By Robert M. Wexler, Partner 8/31/15
Last week, a California Supreme Court unanimously held that a firefighter did not have a right to review or respond to negative comments contained in a “daily log” kept by his supervisor pursuant to the state’s Firefighters Procedural Bill of Rights Act (California Government Code, Section 3250, et seq., the “Act”). The holding in Poole v. Orange County Fire Authority has far reaching ramifications for all sworn public safety employees, including law enforcement personnel, since the language of Section 3255 is effectively identical to that in the Public Safety Officers’ Procedural Bill of Rights Act (POBR), Section 3305.
In Poole, the plaintiff’s supervisor kept a “daily log” regarding each of the employees he supervised that consisted both of handwritten and computer notes of “factual occurrences” to aid him in writing the employees’ performance evaluations. The notes were stored on a flash drive and in hard copy, which were kept in the supervisor’s desk. From time to time the supervisor would discuss the incidents noted in his log with the involved employee or other supervisory personnel, but the log itself was not shared with the other supervisory personnel or employees.
Poole reviewed his performance evaluation with a union representative, who became suspicious at the level of detail. The union representative demanded access to Poole’s ”station file” and the supervisor revealed his log of Poole’s performance. Poole complained that inclusion of the negative comments in the daily log without having provided him the opportunity to review and comment on those notes violated his rights under Section 3255, which provides that a “firefighter shall not have any comment adverse to his or her interest entered in his or her personnel file, or any other file used for personnel purposes without the firefighter having first read and signed the instrument containing the adverse comment indicating he or she is aware of the comment.” A firefighter then has 30 days to attach a written response to the adverse comment, which must be attached to, and accompany, the negative comment (Section 3256).
Poole ultimately filed suit. The trial court determined the daily log was not subject to 3255. The Court of Appeal reversed, reasoning that the notes were a “file used for…personnel purposes” within the meaning of Section 3255 because they formed the basis of Poole’s substandard evaluation and because the supervisor orally revealed some of the contents of the notes to other supervisors. The employer appealed.
The Supreme Court granted review and reversed. It held that “because the log was not shared with or available to anyone other than the supervisor who wrote the log, it does not constitute a file ’used for any personnel purposes by his or her employer’” within the meaning of Section 3255. The Court noted that the phrase “any file used for personnel purposes by his or her employer” is not defined by the Act. However, the Court read Section 3255 in conjunction with Sections 3256 and 3256.5, the latter of which entitles a firefighter to inspect “personnel files that are used or have been used to determine that firefighter’s qualifications for employment, promotion, additional compensation, or termination or other disciplinary action” and to request that material unlawfully or mistakenly placed in the file be corrected or deleted. The Court deduced that the legislature was therefore not concerned with just any file that might in some sense be connected with personnel matters, but only those files used specifically to determine fitness “for employment, promotion, additional compensation or termination or other disciplinary action.” Thus, the Court reasoned, that even if a supervisor uses his notes to draft a performance evaluation or other documents that are ultimately placed in an employee’s personnel file, the notes themselves are not maintained by the employer for use in making employment decisions.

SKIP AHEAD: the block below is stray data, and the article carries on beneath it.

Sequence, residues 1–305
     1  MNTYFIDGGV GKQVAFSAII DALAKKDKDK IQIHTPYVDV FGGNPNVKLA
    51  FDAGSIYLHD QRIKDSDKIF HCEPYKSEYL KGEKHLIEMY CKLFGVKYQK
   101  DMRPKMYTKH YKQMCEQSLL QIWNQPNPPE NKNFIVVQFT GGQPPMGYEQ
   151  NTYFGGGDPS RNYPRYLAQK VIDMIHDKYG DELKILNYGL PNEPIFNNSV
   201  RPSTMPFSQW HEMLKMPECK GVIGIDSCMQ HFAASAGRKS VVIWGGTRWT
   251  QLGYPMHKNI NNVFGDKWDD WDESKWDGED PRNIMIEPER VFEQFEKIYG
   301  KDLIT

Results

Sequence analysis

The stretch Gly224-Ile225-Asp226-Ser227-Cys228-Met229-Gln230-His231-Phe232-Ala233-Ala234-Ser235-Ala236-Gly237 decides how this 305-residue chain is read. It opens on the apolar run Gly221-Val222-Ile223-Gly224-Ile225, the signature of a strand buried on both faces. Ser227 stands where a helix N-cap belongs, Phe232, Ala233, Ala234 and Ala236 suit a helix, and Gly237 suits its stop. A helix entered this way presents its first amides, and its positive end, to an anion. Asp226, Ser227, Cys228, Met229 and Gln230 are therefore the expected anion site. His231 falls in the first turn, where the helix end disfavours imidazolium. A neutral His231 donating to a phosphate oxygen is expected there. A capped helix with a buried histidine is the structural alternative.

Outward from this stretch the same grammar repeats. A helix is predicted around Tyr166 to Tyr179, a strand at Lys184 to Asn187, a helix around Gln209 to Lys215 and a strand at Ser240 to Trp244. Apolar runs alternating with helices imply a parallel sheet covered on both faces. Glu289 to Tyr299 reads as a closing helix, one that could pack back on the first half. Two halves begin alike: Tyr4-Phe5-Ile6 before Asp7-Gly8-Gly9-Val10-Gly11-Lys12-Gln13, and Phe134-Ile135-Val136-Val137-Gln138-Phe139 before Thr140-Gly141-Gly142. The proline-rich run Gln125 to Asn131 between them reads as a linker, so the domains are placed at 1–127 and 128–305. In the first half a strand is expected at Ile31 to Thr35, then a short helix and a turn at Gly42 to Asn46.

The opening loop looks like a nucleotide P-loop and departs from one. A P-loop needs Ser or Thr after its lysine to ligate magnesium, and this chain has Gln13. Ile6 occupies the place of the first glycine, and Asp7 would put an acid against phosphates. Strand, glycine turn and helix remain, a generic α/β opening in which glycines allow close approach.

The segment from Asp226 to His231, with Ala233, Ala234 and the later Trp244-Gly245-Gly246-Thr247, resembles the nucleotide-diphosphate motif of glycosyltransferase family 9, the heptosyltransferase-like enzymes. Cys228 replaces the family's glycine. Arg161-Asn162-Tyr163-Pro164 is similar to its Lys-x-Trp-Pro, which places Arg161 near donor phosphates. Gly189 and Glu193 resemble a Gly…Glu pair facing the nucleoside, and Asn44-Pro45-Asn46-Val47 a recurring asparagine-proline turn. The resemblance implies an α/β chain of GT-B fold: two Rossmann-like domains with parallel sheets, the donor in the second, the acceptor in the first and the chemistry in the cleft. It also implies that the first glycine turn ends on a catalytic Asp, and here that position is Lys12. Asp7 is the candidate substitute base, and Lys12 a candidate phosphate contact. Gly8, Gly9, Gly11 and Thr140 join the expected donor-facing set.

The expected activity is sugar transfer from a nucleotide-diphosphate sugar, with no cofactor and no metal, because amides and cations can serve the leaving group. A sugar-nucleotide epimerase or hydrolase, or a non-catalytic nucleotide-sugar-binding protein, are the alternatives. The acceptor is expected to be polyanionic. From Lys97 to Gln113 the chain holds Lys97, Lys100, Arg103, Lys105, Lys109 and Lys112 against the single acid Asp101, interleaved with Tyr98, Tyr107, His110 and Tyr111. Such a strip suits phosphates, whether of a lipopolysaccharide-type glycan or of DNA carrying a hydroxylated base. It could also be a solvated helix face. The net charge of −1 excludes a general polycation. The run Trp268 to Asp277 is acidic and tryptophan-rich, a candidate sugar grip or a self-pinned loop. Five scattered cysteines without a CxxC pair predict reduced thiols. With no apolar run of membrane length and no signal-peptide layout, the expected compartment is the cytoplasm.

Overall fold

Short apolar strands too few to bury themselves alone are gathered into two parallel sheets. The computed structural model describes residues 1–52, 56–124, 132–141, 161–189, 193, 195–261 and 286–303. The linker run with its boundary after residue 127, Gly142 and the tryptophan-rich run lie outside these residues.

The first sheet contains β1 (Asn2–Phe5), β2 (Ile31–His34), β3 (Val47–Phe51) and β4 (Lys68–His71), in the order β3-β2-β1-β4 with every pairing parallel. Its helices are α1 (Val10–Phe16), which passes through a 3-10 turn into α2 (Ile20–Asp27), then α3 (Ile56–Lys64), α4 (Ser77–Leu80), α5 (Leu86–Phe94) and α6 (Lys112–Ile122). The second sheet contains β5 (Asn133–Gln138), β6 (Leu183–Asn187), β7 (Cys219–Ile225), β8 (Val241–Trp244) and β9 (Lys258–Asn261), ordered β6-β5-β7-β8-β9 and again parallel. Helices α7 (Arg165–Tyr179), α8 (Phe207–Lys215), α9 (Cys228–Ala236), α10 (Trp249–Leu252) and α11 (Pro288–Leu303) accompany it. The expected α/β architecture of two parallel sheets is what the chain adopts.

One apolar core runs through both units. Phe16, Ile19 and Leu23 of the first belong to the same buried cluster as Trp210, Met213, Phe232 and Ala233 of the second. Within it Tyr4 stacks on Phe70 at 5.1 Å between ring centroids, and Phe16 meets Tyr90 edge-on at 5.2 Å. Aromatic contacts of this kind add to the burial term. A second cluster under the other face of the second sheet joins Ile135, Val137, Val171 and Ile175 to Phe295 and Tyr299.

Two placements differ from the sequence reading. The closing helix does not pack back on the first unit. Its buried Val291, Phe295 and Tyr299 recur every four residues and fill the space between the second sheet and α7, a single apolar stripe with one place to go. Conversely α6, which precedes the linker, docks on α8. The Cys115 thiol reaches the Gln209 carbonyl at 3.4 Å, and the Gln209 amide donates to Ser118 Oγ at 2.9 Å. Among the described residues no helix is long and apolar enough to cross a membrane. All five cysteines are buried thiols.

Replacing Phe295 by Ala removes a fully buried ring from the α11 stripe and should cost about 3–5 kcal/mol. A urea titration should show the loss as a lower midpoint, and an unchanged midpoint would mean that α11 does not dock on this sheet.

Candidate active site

In reaching its holding, the Supreme Court distinguished Poole from the line of appellate court decisions that held disclosure requirements applied to adverse comments about a police officer that were neither entered in the officer’s personnel file nor used in making personnel decisions, because those cases involved files that might be available to people making employment decisions in the future. Since the supervisor’s daily log was used only to help its creator remember past events and not shared with anyone, it did not fall within that definition.
As mentioned at the outset, this case is significant for both firefighters and law enforcement officers since Sections 3255, 3256 and 3256.5 of the Firefighters Act are substantively identical to Sections 3305, 3306 and 3306.5 of POBR. As a result, the long-held belief that a supervisor could not keep private logs on an employee appears incorrect as long as the notes are not themselves made part of a personnel file or accessible to others who might make employment decisions in the future about an employee’s fitness for employment, promotion, additional compensation or termination or other disciplinary action.
Robert Wexler is a partner with RAINS LUCIA STERN, PC and manages its Southern California Collective Bargaining Practice Group. He has represented California police officers and firefighters for over 20 years and, in 2011, was selected for inclusion on the Southern California SuperLawyers list.